“After every single event, people come up to us as they’re leaving and tell us how much the speaker touched them. They were either struggling with an issue, or – and this is very common – people explain that they were thinking of leaving the Church, but something about the speaker convinced them to stay,” Sue shares. “These are the real reasons we started this ministry and we just get so excited when we hear them.”
Something unique happens in a small group setting, and it’s important we recognize it and explain why it matters. It’s cliché to say that we’re less connected in a world that is more connected than ever, but even if things hadn’t changed, it’s still hard to make friends as an adult! We’re set in our ways. We have a backlog of unconscious prejudice we’ve developed as a natural byproduct of living in our culture. We’re lazy and being social takes emotional energy, which we don’t have.
But small groups are the best place to meet new people, care for others and be cared for yourself. The idea that we can grow spiritually while isolating ourselves is insanity. Getting and giving direction based on spiritual principles must be done in dialogue with our fellows. In our childish minds, the myth of the ascetic visiting a mountaintop to absorb divine wisdom must be dispelled. That’s not you. We belong in community with others.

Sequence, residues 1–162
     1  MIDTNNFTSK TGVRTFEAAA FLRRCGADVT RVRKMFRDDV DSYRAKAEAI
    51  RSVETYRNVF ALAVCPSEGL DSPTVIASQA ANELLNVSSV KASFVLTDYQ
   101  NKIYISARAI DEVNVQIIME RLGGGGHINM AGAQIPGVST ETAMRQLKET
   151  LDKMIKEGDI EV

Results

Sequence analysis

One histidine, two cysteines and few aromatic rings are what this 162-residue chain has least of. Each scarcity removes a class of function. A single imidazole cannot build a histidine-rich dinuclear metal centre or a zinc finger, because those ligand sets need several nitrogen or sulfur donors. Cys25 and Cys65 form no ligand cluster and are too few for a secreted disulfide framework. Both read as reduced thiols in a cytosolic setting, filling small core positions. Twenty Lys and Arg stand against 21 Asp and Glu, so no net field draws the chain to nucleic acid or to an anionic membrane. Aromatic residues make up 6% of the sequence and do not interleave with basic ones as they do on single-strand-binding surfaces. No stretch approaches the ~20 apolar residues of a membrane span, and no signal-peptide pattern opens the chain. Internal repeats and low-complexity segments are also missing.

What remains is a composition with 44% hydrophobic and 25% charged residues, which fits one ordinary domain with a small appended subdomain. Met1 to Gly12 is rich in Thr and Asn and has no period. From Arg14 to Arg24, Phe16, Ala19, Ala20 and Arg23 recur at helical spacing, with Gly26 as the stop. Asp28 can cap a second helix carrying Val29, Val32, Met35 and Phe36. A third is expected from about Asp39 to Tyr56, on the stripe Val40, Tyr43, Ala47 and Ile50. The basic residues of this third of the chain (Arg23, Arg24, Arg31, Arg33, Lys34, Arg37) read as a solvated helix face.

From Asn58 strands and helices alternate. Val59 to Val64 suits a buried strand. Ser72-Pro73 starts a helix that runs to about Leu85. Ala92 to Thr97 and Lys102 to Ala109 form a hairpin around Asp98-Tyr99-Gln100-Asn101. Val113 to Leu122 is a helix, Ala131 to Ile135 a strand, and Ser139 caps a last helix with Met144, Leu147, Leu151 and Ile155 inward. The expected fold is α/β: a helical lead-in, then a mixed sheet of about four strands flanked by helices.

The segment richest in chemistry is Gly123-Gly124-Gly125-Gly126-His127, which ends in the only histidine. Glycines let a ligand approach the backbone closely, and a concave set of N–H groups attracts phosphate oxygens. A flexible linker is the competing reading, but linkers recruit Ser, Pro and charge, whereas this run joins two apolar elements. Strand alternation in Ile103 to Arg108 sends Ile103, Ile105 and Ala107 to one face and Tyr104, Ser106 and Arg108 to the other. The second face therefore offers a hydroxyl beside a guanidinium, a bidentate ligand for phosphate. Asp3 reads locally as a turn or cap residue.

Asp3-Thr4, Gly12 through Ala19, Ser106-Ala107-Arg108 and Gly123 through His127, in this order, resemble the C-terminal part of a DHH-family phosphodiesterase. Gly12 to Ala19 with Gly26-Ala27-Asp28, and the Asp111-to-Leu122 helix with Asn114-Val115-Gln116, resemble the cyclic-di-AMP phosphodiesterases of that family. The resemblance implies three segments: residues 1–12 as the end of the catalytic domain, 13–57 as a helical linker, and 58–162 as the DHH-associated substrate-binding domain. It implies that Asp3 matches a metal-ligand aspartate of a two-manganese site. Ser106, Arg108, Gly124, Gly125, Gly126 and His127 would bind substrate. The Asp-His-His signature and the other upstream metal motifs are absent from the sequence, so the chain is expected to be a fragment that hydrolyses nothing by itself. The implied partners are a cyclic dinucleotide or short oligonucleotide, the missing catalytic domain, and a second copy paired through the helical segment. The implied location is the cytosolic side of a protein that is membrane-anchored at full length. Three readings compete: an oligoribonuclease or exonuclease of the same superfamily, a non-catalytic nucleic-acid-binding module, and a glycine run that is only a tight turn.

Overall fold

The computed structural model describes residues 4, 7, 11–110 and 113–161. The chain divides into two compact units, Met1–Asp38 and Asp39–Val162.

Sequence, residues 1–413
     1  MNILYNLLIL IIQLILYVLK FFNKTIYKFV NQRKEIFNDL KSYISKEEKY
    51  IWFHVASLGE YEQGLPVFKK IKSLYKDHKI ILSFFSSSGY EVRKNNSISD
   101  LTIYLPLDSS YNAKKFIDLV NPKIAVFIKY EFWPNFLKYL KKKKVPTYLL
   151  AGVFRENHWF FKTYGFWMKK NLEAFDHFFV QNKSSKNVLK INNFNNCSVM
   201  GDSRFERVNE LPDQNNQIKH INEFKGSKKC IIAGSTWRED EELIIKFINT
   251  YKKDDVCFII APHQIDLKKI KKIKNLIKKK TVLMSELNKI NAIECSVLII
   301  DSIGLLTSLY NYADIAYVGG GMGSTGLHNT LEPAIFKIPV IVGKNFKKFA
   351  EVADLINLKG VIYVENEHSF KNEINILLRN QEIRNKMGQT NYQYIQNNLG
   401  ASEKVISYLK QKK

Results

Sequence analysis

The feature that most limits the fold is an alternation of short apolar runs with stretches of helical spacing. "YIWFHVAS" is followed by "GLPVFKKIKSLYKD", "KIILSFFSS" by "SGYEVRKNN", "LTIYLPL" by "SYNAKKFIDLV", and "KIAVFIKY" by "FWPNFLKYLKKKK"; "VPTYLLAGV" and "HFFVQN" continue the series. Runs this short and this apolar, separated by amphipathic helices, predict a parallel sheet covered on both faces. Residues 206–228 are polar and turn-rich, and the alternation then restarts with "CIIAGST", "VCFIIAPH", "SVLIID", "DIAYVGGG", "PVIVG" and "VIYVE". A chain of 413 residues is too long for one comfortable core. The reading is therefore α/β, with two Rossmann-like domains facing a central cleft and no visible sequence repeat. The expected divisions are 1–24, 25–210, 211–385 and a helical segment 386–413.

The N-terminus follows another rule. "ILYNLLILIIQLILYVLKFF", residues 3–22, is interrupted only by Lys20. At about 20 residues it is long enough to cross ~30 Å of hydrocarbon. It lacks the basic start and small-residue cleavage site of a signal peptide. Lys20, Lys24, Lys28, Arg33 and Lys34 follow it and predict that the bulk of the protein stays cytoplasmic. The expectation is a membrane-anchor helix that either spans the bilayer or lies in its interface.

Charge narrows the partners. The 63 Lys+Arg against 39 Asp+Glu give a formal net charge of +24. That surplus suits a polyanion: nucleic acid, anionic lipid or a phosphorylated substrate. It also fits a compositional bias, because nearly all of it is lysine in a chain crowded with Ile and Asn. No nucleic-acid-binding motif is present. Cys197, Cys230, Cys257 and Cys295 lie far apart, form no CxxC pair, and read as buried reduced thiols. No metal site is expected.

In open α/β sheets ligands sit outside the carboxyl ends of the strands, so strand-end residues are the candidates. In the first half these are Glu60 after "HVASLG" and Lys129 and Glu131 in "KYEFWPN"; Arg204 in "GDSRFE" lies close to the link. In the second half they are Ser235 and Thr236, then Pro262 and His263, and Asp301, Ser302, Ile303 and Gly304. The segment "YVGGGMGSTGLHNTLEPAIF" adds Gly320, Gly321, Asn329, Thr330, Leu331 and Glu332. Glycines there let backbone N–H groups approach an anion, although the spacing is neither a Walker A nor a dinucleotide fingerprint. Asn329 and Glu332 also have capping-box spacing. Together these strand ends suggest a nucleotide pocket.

Dialogue is one of the key ingredients of spiritual growth. If every spiritual experience we have is about listening, if it’s all about one-way communication, then we’re going to miss one of the most important developmental aspects of a growing faith.
“We’ve been really excited about what happens at our events,” says Sue. “The women come in and they’re very enthusiastic. They like their glass of wine and connecting with each other, while eating together. And then after the speaker, we again connect in what we call Table Talk, where we usually share how the speaker has touched us.”
“We have a similar format,” Mike explains. “The men have their name tags with their Parish on them, and we definitely do form friendships with men of other Parishes. From 6:00 to 6:45 we have social time and after the speaker, there’s open Q&A. And the guys love it. We’ve really grown through word of mouth. This past season we averaged 216 men per event. Prior to that it was 174 per event and three seasons ago we were at 145 men on average. That kind of growth year after year means we’re doing something right.”
Despite the large number of people at each event, the social time is constrained to smaller round tables of 5-7 people, so that real conversation can take place. So, if you’re not already a part of a small group at St. John XXIII, Faith & Wine/Ale is a great place to start.
Small groups aren’t just a gimmicky church growth strategy. They’re not just the latest innovation. They’re not just something fun to do, nor are they just something to fill up people’s time.
Small groups are the heart of the Church, because without relational connections, the church isn’t The Church. At best, without relationships with Christ and our fellow Parishioners, we are putting on a show. At worst, we’re wasting people’s time, energy, and resources. Relationships with people who want what’s best for us and who are headed in the direction we want to head, and who aspire to a closer connection with Christ – these are what fuel our faith.
For more information on event dates, speakers and the mission of each organization, visit faithandale.com and faithandwineleecounty.com.